For years Central Environmental founder, Ian Butcher, had been increasingly frustrated by all the construction waste going to landfill, so he decided it was time to do something about it – and now it’s paving roads in the Manawatu.

Since 2002, Central Environmental’s sister business, Central Demolition (which Butcher also founded), has been removing asbestos and demolishing buildings throughout New Zealand. And until 2019, most of that waste was going straight to landfill. In fact, New Zealand’s waste infrastructure ‘hole’ has been valued at $1.5 billion dollars, and as a country we lag behind many other countries when it comes to recycling and reuse. This was something that didn’t sit well with Butcher.

“We had always tried to salvage and recycle what we could, but it was a rather ad hoc process. And because a lot of the demolition work involved getting the building down and gone quickly, the limited time put pressure on us to get the job done.

“Now that there is far more emphasis on recycling and recovery of materials, it has allowed us to make a far more conscientious effort to ‘do the right thing’ – which I’ve actually always been passionate about.”

And over the past year, with the support of local Councils and funding from the Ministry for the Environment (MFE), Central Environmental has been able to take things to the next level by setting up a purpose-built site in the heart of the Manawatu.

Central Environmental
Central Environmental are committed to minimising waste and promoting new, better and cost effective solutions to divert waste from the landfill.

“The District Council set aside some land for us to use and basically said ‘we will support you until it’s ready, go for your life’,” Butcher says.

“So we have done all the earthworks, bought a big dump truck and have had four guys full time moving earth. We even salvaged a whole building to turn into our head office.”

The site has its own concrete crusher, which has been working flat out to process the recyclable materials and turn it into aggregate of different sizes which can then be reused in a variety of settings. Their biggest customers are road construction contractors, as the product is perfect as a road base, and because the local councils around the region – like Palmerston North City Council and the Rangatikei and Manawatu District Councils – have been so supportive of everything Butcher and the team have been doing, they are able to provide them with a cheaper rate for the aggregate.

Ian Butcher Central Environmental
Ian Butcher, Central Environmental.

“So it’s a win-win for everyone,” Butcher says.

But it hasn’t been cheap. Central Demolition has funded a lot of the equipment to get Central Environmental up and running with the right machinery and equipment, as well as developing the site itself (around $1.5 million). The MFE funding is also delivered in stages, when they reach certain milestones – and they are only at the first stage right now.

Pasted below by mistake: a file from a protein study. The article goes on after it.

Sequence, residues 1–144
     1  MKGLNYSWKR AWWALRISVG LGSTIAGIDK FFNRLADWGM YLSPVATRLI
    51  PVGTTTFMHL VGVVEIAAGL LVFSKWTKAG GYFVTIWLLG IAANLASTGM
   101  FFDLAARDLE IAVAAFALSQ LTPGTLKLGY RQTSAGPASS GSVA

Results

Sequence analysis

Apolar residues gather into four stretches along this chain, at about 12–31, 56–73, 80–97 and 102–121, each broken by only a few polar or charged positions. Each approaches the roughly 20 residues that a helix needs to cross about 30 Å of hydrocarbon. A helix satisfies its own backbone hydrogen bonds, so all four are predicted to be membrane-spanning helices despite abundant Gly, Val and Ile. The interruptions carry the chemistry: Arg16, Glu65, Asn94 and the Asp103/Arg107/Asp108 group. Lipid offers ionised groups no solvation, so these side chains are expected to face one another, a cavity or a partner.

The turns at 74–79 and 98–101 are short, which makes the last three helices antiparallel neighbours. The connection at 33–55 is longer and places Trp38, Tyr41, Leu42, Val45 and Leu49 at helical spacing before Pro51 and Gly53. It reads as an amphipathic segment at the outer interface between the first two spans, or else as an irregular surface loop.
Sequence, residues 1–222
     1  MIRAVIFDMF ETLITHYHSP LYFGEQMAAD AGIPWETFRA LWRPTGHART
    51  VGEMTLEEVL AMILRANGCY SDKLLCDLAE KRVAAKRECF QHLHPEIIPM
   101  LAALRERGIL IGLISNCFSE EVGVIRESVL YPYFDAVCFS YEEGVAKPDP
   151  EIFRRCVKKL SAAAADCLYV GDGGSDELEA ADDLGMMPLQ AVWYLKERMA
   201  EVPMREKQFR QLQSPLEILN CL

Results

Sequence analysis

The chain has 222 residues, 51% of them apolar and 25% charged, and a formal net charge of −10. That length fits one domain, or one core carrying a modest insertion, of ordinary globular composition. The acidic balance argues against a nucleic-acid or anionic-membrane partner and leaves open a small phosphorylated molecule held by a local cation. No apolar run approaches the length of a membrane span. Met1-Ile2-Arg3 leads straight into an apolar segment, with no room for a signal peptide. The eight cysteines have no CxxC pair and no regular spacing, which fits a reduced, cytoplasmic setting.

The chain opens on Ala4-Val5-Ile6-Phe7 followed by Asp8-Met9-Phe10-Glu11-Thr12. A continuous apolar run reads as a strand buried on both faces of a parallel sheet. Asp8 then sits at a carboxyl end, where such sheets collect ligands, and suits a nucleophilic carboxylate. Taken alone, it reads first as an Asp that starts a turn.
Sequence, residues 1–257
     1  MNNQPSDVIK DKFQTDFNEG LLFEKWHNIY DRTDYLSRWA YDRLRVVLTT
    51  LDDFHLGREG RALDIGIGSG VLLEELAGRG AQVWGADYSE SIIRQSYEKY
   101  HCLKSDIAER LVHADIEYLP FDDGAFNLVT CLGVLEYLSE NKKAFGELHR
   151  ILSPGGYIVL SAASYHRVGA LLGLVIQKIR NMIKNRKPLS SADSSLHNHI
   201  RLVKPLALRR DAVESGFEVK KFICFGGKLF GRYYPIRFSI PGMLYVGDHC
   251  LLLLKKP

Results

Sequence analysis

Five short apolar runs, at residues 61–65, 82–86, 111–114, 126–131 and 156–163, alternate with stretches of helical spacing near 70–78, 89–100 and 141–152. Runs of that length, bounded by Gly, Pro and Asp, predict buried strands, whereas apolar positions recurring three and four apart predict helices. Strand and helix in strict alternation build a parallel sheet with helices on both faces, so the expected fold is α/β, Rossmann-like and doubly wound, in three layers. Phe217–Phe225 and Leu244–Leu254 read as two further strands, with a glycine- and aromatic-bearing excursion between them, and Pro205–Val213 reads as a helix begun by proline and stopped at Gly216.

And of course there were a few times Butcher was worried about the giant leap of faith he was taking, even though he knew that at the end of the day, it came down to it being the right thing to do.

“Yes, it did cost a lot, but it is what it is – it’s just money at the end of the day and what we have been able to achieve is just fantastic.

“Everything that has been brought to us, we have been able to process, and everything we have produced has been bought.”

While Butcher has been successful in what he set out to do, but he is quick to note that at the end of the day, his achievements in business have plenty to do with the great team of people he has built around him.

“We have an honest approach to business, believing in being upfront and as helpful as we can be. We prefer to look for solutions, rather than issues, which is why we knew that doing something about the negative impact our industry was having on the environment was very important.”

Central Environmental
“We even salvaged a whole building to turn into our head office.” – Central Environmental founder, Ian Butcher

So what does Ian have his sights set on next for Central Environmental?

A lot. From finishing the set up of his Manawatu site, to hopefully developing further locations around the North Island, he also has his heart set on finding an environmentally-friendly way to deal with treated timber – as it still ends up in landfill, leaching toxins into the ground.

“Ultimately, I want us to be able to offer a full resource recovery service for demolition and construction waste, not only what comes from Central Demolition, but from any other business, and we’re definitely on our way to getting there.”

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